Buy Sell Agreements (memorandum)

This memo discusses the tax effect of the various options of funding a purchase of stock from a deceased shareholder. A Buy Out agreement contemplates that the Company would be the purchaser, and a Cross Purchaser Agreement contemplates that the surviving shareholder would be the purchaser.

  1. Corporate Buy Out Agreement. A Buy Out Agreement would obligate the Company to buy a deceased shareholder’s shares. That obligation could be funded by a life insurance policy owned by the Company.
    1. Limitations on Distributions. California law restricts a corporation from repurchasing shares unless it meets certain solvency tests. Life insurance premiums reduce retained earnings and insurance proceeds increase retained earnings. Since the Company would be the insurance beneficiary, the policy proceeds would be subject to the claims of the Company’s creditors. Thus, the insurance proceeds may not available for payment to a deceased shareholder’s estate.
    2. Income Tax Consequences. the Company could not deduct the payment of premiums on insurance used to fund a buy out agreement, and those premiums are not included in the shareholder’s income. The insurance proceeds would not be included in the Company’s income, and would not be taxed to the shareholders.
    3. Income Tax Issues. C Corporations (but not S corporations) are subject to an excise tax on unreasonable accumulations of earnings. An accumulation is not unreasonable to the extent it is necessary to meet the reasonable needs of the company’s business. The IRS may contend that the purchase of insurance does not meet the reasonable needs of the business. Life insurance can be justified as a reasonable need of the business if it is designed to avoid shareholder disputes, ensure continuing management, etc. and your minutes or the agreement specifically recite the business reasons for the insurance.The excess of premiums over cash surrender value reduces a corporation’s earnings and profits, and the excess of the proceeds over the premiums paid would increase earnings and profits. The determination of earnings and profits is significant since the amount of a distributions on that would be taxable as a dividend is limited to earnings and profits.In the case of a C corporation (but not an S corporation), insurance proceeds increase “accumulated current earnings” for alternative minimum taxable income tax purposes. Consequently, insurance proceeds may be subject to the alternative minimum tax even though the proceeds are not subject to the regular income tax.The repurchase of the decedent’s shares by the Company would be taxed to the surviving shareholders as a constructive dividend if the shareholders, and not the Company, are obligated to purchase the decedent’s shares.If the Company’s repurchase of the decedent’s shares is not “substantially disproportionate” (in this case, meaning that the decedent’s share holdings are reduced by more than 20%), the decedent’s estate may be taxable on a portion of the payments as dividends. Thus, the Company should be obligated, if it buys, to repurchase all of the decedent’s shares.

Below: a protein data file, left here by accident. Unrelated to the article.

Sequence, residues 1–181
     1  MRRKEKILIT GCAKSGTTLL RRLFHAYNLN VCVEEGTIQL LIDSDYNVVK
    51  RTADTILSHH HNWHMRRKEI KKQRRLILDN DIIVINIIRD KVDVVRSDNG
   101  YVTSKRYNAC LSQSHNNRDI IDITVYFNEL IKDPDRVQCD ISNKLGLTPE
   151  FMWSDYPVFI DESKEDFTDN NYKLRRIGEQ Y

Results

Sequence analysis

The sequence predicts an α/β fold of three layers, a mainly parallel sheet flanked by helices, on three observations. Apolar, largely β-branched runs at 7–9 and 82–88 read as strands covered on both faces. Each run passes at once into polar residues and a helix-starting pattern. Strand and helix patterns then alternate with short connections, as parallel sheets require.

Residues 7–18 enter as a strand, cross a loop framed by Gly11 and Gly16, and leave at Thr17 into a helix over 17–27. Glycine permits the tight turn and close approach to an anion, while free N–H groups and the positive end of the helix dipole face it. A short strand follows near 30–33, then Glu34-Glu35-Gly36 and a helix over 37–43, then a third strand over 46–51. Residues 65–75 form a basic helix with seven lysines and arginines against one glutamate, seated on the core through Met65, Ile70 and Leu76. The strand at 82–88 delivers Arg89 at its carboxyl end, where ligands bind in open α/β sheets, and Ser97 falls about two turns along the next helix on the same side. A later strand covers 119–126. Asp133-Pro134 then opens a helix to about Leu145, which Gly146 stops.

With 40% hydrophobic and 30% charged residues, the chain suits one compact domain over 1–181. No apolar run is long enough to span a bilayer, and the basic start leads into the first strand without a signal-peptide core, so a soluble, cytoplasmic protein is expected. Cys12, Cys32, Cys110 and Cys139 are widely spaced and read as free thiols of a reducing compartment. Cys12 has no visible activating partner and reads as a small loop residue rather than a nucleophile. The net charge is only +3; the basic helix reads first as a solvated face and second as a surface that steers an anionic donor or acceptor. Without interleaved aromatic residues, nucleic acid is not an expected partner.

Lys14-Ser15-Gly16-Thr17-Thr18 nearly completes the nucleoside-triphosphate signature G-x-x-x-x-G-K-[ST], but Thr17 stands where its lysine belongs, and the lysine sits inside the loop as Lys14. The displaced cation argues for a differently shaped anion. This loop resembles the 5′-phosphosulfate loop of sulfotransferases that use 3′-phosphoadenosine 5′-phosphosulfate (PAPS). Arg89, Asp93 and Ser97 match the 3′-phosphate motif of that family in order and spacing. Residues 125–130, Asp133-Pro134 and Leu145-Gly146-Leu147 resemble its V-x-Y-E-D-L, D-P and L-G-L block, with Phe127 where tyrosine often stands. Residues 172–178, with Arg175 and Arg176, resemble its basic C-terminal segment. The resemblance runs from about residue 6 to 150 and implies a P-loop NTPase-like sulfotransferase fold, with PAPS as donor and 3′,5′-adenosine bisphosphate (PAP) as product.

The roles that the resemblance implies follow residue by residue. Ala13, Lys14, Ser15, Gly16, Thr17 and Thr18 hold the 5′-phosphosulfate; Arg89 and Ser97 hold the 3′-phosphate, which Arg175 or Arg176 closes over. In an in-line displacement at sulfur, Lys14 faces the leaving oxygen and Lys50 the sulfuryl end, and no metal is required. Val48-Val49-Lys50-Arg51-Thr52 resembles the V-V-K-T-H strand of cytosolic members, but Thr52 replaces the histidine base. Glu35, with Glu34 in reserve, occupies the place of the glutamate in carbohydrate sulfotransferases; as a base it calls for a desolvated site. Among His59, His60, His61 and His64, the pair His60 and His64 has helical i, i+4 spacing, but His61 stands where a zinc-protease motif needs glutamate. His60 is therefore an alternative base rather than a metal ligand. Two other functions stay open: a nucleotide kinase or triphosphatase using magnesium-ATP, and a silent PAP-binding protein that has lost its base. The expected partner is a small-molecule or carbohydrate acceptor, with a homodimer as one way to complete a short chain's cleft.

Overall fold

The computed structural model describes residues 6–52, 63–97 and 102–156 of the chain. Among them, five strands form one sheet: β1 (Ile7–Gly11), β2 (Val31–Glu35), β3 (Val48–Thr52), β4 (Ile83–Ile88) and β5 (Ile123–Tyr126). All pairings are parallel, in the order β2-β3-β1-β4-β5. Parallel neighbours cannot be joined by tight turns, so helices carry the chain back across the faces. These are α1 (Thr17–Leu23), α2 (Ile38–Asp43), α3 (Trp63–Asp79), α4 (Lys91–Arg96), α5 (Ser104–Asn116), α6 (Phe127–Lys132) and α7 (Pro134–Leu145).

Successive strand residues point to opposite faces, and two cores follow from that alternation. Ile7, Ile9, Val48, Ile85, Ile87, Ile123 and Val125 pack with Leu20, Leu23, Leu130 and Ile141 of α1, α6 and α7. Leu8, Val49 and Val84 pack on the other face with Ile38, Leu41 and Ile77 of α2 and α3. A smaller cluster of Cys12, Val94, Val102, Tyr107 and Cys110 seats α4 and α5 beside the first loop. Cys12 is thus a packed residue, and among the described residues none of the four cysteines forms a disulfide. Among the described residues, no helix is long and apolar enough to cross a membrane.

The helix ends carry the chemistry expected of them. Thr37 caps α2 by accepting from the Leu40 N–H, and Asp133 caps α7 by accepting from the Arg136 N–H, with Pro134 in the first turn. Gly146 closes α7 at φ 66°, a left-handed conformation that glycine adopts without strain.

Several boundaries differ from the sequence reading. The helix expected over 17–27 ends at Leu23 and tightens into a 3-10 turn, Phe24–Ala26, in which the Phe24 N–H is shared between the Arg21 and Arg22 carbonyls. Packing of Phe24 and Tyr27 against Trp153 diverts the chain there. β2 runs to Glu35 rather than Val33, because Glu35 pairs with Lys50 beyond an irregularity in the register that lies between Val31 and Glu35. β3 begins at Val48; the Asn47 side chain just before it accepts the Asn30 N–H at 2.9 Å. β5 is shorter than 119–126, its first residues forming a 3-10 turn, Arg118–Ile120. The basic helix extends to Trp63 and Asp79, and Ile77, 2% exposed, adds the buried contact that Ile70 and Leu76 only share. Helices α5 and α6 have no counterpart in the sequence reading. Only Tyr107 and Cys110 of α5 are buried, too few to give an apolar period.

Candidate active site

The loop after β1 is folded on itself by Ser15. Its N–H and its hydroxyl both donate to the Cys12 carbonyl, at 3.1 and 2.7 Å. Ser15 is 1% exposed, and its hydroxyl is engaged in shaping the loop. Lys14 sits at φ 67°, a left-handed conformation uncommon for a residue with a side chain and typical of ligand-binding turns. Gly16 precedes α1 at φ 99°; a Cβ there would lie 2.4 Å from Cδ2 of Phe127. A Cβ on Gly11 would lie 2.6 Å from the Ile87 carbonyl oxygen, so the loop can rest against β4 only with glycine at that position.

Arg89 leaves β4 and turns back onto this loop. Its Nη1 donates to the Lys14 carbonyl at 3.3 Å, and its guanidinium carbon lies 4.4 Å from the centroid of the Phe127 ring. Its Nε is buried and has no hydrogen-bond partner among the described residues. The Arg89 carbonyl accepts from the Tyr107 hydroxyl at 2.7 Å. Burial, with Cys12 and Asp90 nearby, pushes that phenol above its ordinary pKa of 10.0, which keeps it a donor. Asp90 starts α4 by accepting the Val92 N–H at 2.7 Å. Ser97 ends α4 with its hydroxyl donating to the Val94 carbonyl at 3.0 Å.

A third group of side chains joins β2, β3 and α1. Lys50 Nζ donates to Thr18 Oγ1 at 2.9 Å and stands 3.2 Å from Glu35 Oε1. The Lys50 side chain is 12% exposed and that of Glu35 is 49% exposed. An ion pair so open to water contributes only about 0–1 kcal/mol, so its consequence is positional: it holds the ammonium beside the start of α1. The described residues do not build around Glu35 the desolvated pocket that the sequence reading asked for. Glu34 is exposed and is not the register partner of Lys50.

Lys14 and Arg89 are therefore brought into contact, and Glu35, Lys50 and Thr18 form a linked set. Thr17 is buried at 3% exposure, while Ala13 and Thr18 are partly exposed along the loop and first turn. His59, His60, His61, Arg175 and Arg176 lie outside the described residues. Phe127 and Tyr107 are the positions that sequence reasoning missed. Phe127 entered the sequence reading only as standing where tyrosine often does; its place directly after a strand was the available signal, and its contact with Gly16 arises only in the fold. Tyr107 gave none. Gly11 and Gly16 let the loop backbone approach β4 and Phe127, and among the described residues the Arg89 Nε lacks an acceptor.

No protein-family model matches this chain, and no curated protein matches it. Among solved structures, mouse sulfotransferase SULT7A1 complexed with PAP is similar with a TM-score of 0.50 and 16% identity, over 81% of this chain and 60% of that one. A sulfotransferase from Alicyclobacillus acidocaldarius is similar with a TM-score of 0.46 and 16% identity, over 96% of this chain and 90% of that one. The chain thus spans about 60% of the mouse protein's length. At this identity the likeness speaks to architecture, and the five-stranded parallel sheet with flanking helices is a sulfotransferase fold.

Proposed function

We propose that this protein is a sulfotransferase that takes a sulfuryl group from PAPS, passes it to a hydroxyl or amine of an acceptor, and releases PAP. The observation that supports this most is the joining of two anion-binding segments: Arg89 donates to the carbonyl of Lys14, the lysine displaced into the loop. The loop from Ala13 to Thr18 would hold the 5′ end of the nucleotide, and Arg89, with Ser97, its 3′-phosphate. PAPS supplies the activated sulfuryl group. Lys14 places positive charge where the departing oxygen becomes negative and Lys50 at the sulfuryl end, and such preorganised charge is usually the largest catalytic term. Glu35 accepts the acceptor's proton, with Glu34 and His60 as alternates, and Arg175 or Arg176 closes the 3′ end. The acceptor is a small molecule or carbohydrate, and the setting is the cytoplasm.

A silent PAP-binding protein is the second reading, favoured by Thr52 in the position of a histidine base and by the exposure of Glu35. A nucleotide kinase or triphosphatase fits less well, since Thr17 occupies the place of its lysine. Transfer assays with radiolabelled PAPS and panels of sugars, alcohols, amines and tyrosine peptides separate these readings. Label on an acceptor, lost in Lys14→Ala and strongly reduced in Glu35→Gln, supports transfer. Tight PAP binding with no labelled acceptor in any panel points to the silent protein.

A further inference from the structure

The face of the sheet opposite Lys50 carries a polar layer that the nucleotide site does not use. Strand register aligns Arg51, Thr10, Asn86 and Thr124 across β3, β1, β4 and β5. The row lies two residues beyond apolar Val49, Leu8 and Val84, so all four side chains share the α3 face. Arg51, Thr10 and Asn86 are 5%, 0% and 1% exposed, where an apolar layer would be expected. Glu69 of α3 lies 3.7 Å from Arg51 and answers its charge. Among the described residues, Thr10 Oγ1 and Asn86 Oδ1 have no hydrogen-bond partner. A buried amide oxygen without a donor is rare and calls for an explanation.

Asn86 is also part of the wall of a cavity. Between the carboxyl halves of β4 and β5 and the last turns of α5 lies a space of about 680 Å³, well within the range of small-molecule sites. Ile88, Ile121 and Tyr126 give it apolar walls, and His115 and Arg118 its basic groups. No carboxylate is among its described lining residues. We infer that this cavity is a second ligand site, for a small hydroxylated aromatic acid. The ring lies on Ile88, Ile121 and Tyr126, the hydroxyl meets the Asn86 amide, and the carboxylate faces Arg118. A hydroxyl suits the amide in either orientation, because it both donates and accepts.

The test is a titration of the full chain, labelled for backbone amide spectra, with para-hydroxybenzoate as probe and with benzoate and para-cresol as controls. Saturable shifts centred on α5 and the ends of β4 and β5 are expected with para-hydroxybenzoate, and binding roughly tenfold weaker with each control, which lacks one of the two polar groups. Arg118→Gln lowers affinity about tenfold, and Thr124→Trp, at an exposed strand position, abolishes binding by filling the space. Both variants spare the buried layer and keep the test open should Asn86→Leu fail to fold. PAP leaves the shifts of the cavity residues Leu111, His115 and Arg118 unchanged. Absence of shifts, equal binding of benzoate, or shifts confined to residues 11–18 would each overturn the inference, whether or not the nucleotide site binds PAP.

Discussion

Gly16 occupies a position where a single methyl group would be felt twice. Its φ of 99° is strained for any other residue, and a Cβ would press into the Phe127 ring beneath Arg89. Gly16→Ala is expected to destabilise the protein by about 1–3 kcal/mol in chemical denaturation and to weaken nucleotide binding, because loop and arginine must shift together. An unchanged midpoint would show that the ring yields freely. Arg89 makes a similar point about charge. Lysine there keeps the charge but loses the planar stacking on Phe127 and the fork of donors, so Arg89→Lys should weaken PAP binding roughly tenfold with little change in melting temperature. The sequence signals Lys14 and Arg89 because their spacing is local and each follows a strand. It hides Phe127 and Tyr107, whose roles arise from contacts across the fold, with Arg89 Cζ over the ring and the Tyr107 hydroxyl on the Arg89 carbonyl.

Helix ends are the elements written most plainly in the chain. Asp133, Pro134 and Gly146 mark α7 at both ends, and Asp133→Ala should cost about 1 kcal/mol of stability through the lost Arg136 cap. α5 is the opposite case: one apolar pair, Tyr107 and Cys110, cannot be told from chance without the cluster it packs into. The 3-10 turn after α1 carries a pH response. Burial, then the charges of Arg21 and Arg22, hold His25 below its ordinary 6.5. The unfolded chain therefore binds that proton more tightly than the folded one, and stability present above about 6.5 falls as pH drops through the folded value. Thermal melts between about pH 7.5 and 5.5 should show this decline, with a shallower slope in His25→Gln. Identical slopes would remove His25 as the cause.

4. Estate Tax Issues. Under both a cross purchase and buy out arrangement, the value of the stock, but not the insurance, would be included in the shareholder’s gross estate. If the decedent retains incidents of ownership in the insurance policy, the proceeds (as well as the value of the stock) may be included in the decedent’s estate. Incidents of ownership include the right to borrow against the policy, to change beneficiaries, and to cancel the policy. The ability of a controlling shareholder to control a policy may give him incidents of ownership.In some situations, the IRS has increased the value of the decedent’s shares to reflect the receipt of the insurance proceeds. To avoid this double counting, you should ensure that your buy sell agreement meets IRS requirements to fix the value of the shares. An agreement will not be respected as reflecting the value of shares unless the shareholders are subject to first refusal rights, the estate of a decedent is obligated to sell at a certain price, the price is fixed by the agreement, and that price is not a device to transfer the shares at less than adequate and full consideration. Since you intend to specify that the buy out price is fair market value, your agreement may not be useful as a means of setting the estate tax value.If the policy proceeds exceed the amount required to repurchase the decedent’s stock, those excess proceeds would be included in the decedent’s estate if the estate is entitled to the proceeds.